Sunday, December 8, 2013

Iceland Can Teach the US About Our Own Constitution

It received very little press in the US, but in response to their involvement in the '08 economic crash, the people of Iceland took to the streets with pots and pans and overthrew their government.
Can you imagine participating in a protest outside the White House and forcing the entire U.S. government to resign? Can you imagine a group of randomly chosen private citizens rewriting the U.S. constitution to include measures banning corporate fraud? It seems incomprehensible in the U.S., but Icelanders did just that.  Icelanders forced their entire government to resign after a banking fraud scandal, overthrowing the ruling party and creating a citizen’s group tasked with writing a new constitution that offered a solution to prevent corporate greed from destroying the country. The constitution of Iceland was scrapped and is being rewritten by private citizens; using a crowd-sourcing technique via social media channels such as Facebook and Twitter. 
Randomly chosen citizens rewriting the constitution?  There's a quote from William F. Buckley that goes, "I should sooner live in a society governed by the first two thousand names in the Boston telephone directory than in a society governed by the two thousand faculty members of Harvard University."  Iceland is doing it.
(Image source) In Iceland, the protesters look like Gandalf.

The time could be coming.  I don't know if you've seen the story, but South Carolina and Virginia have formally called for an Article V Convention of State (COS), and Florida is expected to lend its support to the cause. Article V, of course, is "a mechanism put in place by the founders to enforce a checks-and-balances system for the federal and state governments. While amendments to the Constitution can be proposed and passed in Congress, Article V also allows for the states themselves to propose amendments. If two-thirds of the states submit an application to Congress, Congress must then call a Convention of States to propose amendments to the Constitution."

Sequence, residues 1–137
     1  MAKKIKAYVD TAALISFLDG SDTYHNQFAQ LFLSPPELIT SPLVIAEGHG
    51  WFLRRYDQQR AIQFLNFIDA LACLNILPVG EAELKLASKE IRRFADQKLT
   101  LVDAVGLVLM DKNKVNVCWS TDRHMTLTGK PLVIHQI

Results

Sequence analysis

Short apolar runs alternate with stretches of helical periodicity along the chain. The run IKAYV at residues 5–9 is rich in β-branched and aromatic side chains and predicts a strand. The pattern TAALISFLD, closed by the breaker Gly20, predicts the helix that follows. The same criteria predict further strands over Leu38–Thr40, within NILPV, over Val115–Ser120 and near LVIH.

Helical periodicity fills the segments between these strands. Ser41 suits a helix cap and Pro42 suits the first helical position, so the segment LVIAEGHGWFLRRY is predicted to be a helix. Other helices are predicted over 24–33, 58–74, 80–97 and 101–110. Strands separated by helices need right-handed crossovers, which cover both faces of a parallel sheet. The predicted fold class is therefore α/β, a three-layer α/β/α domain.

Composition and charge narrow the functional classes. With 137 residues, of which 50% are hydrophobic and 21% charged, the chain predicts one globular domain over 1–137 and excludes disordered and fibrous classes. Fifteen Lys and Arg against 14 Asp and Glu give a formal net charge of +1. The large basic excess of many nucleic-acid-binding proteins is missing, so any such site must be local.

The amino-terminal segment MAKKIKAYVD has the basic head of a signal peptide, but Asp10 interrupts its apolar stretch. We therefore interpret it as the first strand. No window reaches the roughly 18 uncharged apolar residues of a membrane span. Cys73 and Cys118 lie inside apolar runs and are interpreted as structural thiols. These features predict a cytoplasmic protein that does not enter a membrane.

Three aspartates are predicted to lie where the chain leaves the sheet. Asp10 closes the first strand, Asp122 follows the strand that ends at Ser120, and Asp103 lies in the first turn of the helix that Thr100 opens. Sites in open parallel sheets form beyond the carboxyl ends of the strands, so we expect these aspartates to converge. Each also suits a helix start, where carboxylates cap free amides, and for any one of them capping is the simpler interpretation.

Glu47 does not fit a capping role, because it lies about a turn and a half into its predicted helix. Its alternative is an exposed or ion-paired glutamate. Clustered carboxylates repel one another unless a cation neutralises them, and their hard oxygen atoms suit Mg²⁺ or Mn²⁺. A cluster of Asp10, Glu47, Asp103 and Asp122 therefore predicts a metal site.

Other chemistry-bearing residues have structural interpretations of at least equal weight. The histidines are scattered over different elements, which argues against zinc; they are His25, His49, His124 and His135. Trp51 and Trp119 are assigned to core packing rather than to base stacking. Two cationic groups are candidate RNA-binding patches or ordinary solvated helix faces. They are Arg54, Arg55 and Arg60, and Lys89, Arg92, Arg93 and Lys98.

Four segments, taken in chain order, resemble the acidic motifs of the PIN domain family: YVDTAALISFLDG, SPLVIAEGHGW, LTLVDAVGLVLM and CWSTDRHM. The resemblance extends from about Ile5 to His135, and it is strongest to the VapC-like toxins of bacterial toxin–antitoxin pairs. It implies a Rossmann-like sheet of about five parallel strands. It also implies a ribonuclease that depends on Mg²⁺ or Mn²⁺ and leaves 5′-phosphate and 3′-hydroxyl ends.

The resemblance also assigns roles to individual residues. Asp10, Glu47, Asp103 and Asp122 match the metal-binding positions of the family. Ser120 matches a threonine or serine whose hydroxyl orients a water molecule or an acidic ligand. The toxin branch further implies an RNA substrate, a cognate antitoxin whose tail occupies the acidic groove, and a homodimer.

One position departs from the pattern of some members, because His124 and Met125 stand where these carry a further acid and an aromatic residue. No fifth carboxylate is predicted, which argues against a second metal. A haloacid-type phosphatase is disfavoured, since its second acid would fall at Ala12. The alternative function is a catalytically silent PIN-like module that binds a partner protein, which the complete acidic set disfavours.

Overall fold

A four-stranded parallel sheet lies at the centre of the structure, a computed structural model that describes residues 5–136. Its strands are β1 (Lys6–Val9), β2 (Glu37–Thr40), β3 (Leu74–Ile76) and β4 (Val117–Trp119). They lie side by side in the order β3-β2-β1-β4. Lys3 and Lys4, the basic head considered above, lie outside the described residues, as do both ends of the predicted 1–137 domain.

I've always been afraid of an article V convention, thinking it was going to be a Constitutional Convention or Con Con.  Matt Bracken paints the Con Con in the way I always feared it would go in his EFAD series: just who's going to show up at this sort of convention?  The professional astroturf protesters from SEIU, Occupy Whatever, Organizing for America, and every other leftist or communist group you can shake a stick at.  Right wing people work for a living and can't take off six months to be there  But a convention of the states is not a Constitutional Convention and it doesn't have to go there.  Quoting from the Aiken (SC) Standard:
“Washington will never limit its own power,” Taylor said. “They'll never pass amendments to balance the budget, put term limits on themselves or give the states their rightful Constitutional authority.”